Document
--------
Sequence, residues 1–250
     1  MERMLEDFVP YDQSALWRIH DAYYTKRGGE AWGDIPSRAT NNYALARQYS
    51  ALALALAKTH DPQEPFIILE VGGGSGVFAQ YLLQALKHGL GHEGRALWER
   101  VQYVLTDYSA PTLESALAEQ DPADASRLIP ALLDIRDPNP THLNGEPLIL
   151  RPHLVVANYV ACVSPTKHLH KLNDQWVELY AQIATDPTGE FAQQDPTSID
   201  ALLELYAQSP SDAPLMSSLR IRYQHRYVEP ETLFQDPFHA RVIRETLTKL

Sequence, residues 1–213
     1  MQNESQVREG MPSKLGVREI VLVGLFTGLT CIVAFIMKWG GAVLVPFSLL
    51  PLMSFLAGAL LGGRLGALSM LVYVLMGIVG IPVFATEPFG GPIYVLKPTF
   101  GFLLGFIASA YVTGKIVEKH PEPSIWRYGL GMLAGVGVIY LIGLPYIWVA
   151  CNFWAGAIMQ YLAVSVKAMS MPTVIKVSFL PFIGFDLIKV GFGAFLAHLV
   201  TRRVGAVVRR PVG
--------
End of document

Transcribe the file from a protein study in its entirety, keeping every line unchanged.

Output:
Sequence, residues 1–250
     1  MERMLEDFVP YDQSALWRIH DAYYTKRGGE AWGDIPSRAT NNYALARQYS
    51  ALALALAKTH DPQEPFIILE VGGGSGVFAQ YLLQALKHGL GHEGRALWER
   101  VQYVLTDYSA PTLESALAEQ DPADASRLIP ALLDIRDPNP THLNGEPLIL
   151  RPHLVVANYV ACVSPTKHLH KLNDQWVELY AQIATDPTGE FAQQDPTSID
   201  ALLELYAQSP SDAPLMSSLR IRYQHRYVEP ETLFQDPFHA RVIRETLTKL

Sequence, residues 1–213
     1  MQNESQVREG MPSKLGVREI VLVGLFTGLT CIVAFIMKWG GAVLVPFSLL
    51  PLMSFLAGAL LGGRLGALSM LVYVLMGIVG IPVFATEPFG GPIYVLKPTF
   101  GFLLGFIASA YVTGKIVEKH PEPSIWRYGL GMLAGVGVIY LIGLPYIWVA
   151  CNFWAGAIMQ YLAVSVKAMS MPTVIKVSFL PFIGFDLIKV GFGAFLAHLV
   201  TRRVGAVVRR PVG